By Christopher Zehnder
In studying history, it is important to pay attention not only to major themes and players but to the places, communities, and individuals most people never hear about. This is why I like to read local histories – they offer details that fill out general historical accounts and provide a more articulated understanding of historical periods. Local histories give us a more nuanced taste; they develop the palate of historical imagination. They fill out the important human details that get lost in the reading of general history.
Recently, while wandering through an antique store in Powell, Ohio, I came across just such a local history, Historical Collections of Ohio, by one Henry Howe, LL.D. Published in 1908, Historical Collections describes what Mr. Howe learned of Ohio’s communities during two periods of travel through the state: the first in 1846 and the second in 1886-90. Thus far, I have discovered several interesting details about my new home state. One in particular I found arresting. In discussing Shelby County, in western Ohio between Lima (the birthplace of my maternal grandfather, Ernest Anderegg, incidentally) and Dayton to the south, Howe quotes a description in “Sutton’s County History” of a German Catholic settlement, the “village of Berlin,” in what is now the Fort Loramie, Ohio.
Berlin, as “Sutton’s County History” describes it, was in many ways not so unusual, at least for German settlements in 19th century America. It was characterized by hard work, adept farming practices, and the orderliness that were at the time remarked of other German colonies. There was, too, what one might call – as the 19th century German writer, Moritz Busch, did call it – the “thickheaded peasant’s conceit” that, along with their stolid adherence to their mother’s tongue and their factionalism, earned Germans the disdain of their Anglo-American neighbors. Germans, said Busch, had a hard time getting along with one another; and if the description of Berlin in Howe’s quoted source is accurate, they didn’t try very hard to get along with anyone else either.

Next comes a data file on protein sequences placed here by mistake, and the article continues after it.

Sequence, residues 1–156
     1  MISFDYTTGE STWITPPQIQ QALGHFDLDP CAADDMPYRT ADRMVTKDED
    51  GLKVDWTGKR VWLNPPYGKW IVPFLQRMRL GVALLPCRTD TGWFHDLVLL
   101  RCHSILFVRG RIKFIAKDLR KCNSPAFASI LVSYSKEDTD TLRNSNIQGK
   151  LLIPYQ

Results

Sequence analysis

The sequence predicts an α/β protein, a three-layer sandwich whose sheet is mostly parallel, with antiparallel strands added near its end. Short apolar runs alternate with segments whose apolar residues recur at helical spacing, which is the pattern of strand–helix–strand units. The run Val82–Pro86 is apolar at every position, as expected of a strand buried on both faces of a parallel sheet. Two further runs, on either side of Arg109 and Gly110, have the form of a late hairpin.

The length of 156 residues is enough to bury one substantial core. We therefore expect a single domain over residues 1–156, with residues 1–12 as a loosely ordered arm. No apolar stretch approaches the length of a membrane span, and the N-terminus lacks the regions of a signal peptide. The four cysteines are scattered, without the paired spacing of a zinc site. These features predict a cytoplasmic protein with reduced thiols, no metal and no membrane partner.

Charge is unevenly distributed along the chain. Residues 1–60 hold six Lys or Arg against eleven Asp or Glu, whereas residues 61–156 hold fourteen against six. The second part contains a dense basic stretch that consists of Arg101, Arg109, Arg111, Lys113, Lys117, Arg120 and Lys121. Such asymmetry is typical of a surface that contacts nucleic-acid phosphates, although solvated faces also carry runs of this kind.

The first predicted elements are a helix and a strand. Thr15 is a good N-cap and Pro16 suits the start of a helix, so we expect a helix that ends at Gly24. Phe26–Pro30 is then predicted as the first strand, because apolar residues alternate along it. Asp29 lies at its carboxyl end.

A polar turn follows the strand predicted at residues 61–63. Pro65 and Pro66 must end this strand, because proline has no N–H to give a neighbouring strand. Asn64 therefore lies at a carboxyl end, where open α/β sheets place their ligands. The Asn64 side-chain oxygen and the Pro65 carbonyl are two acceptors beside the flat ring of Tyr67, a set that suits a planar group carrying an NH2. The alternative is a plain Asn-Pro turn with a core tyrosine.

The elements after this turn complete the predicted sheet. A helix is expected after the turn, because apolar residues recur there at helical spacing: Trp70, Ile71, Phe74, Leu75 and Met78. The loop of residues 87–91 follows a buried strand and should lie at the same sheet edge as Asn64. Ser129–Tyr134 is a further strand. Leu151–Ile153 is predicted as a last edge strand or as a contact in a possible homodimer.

Yet, there was another element that makes the old Berlin settlement interesting to the student of American ethnic cultures. That is, the settlers’ devotion to religion. To put this devotion in its proper context with other aspects of life in Berlin village, I shall quote in its entirety the passage from “Sutton’s County History”:
A marked characteristic of the people [of Berlin] is the industry observable on every hand. This German element came here into the woods, and by hard incessant toil cleared away the primeval forest, wringing farms from the wilderness and building a town on the ruins of a forest. In common with the people of the township the inhabitants are almost uniformly Catholic in religion and Democrat in politics. There were peculiarities which brought about these results, among which we mention as one factor of Rev. Mr. Bigot. After settlement here the Germans strove to prevent the settlement of Americans in their midst, and by different methods very nearly succeeded. Still a few straggling Americans settled on lands within the township, but each soon found it desirable to leave; and so was bought out as early as he would sell, and was generally succeeded by a German. This at least was the plan of the German settlers themselves, and keeping the plan in view, they have preserved the characteristics of nationality, religion and politics up to the present.